Viewing page 58 of 107

DIALOGUE Sept/Oct. 84
RR 84
Cleveland Center for Contemporary Art
7 September - 8 October

Complementing the New Dance/New Vision Series, the Center will present a documentary exhibition in Robert Rauschenberg's work in the theatre. Rauschenberg/Performance was organized and curated by Nina Sundell and the Cleveland Center for Contemporary Art produced by a 40 page catalogue for the exhibition. After leaving Cleveland the exhibition will travel to the North Carolina Museum of Art, Raleigh, North Carolina, Norton Gallery and School of Art, West Palm Beach, Florida and The University Art Museum, California State University, Long Beach. It has previously been seen at The Copper Union, New York, N.Y. and the Contemporary Arts Museum, Houston, Texas. 

Many major artists such as Picasso, Braque and Cocteau have been occasional guest designers for the stage; fewer have worked regularly and professionally in the theatre. Robert Rauschenberg may be the only one who was for some years a performer and choreographer as well.

Because Rauschenberg is one of the two or three most influential artists of the mid-twentieth century, we think of him only as a painter. Yet, from 1954 to 1965, the period when his combines and silkscreen paintings were revolutionizing contemporary art, Rauschenberg shared with Merce Cunningham and John Cage in the transformation of modern dance. From 1954 to 1964, he designed twenty dances for the Merce Cunningham Dance Company, acting as its stage manager and lighting director from 1961 and 1965. He also worked with Paul Taylor for several years collaborating on some of his most radical dances. From 1962 to 1965, as a participant in the iconoclastic Judson Dance Company he shared in the early development of post-modern dance. Between 1963 and 1967, he created nine theatre pieces of his own, works which constitute a significant contribution to the history of artists' theatre. Recently he has provided the visual elements for two dances of Trisha Brown (Glacial Decoy, 1979 and Set and Reset, 1983). 

Rauschenberg considers his work for the stage to be integral part of his entire oeuvre, Not only does it employ similar materials, but identical images often appear; there is an extraordinary iconographic continuity to all his productions.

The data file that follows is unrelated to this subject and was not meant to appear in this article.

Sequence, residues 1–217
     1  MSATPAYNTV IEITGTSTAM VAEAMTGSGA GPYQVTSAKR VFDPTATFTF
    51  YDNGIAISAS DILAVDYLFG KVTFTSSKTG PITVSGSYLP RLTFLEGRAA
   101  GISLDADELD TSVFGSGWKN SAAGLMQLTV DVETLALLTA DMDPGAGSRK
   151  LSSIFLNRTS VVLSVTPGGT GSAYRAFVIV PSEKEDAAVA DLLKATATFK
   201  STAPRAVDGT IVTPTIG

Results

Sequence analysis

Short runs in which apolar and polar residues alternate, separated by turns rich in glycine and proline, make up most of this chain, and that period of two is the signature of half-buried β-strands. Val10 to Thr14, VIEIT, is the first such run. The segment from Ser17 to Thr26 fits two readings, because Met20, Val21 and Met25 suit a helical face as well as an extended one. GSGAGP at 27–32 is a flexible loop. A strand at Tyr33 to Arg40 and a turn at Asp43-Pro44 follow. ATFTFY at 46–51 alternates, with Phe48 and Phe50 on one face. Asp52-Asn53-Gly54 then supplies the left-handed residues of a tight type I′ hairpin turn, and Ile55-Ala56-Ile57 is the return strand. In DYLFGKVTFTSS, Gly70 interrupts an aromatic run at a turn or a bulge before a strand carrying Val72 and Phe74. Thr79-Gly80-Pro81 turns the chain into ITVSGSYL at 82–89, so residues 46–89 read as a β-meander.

Robert Rauschenberg, costume design incorporating cage with three live doves from Map Room II, 1965, Deborah Hay dancing. Photo: Peter Moore.

The exhibition Rauschenberg/Performance brings together for the first time material documenting this little known and important aspect of the career of a major American artist. In addition to some 87 photo-panels it includes costumes and numerous props used in these performances, including a telephone book and bedsprings which are wired for sound and may be activated by a visitor. Probably the most visually arresting object in the exhibition is a twelve foot long rolling chicken coop which was shared in the 1966 performance of Linoleum by dancer Steve Paxton and several live chickens. 

Nina Sundell's essay in the exhibition catalogue provides a lively description of some of the performances, and the exhibition includes a video tape of Linoleum, as well as casette scores of two theatre pieces.

The presentation of Rauschenberg/Performance in Cleveland and the publication of the catalogue were made possible by a grant from The Cleveland Foundation. Additional support for the catalogue was provided by the Norton Gallery and School of Art and for the exhibition by the Ohio Arts Council.

Concurrently with Rauschenberg/Performance will be an exhibition of The Gardens at Giverny: A View of Monet's World by Stephen Shore - a beautiful, lush portfolio of photographs from a series of prints on Claude Monet's gardens at Giverny, France. 

In 1883, the painter Claude Monet acquired a house in Giverny, a small village along the Seine, 40 miles from Paris. Monet planned and cultivated his gardens and his now-famous lily pond with a vision that was inspiration for Monet's work for almost forty years. After Monet's death in 1926, the gardens gradually deteriorated. It was not until 1977 that restoration began under the auspices of the Institut de France. The gardens were restored resplendently and fairthfully to Monet's vision.

New Dance/
New Vision

25 September - 13 October

Over the past eight years, the Cleveland Center for Contemporary Art's acclaimed Fall Lecture Series has explored the pervasive influence of the visual artist on man's aesthetic pursuits. For the past two years, in particular, the topic has been the impact of today's art on the design of objects that man surrounds himself with. Earlier (1979), seven noted photographers shared their views and visions, and five years ago, six nationally renowned architects and an architectural critic discussed the manifestations of Post-Modernism in their metier. 

This year's Series New Dance/New Vision focuses on direct collaboration rather than on influence. CHoosing as an example the working together of a choreographer, a composer and a visual artist,

Please note that the language and terminology used in this collection reflects the context and culture of the time of its creation, and may include culturally sensitive information. As an historical document, its contents may be at odds with contemporary views and terminology. The information within this collection does not reflect the views of the Smithsonian Institution, but is available in its original form to facilitate research. For questions or comments regarding sensitive content, access, and use related to this collection, please contact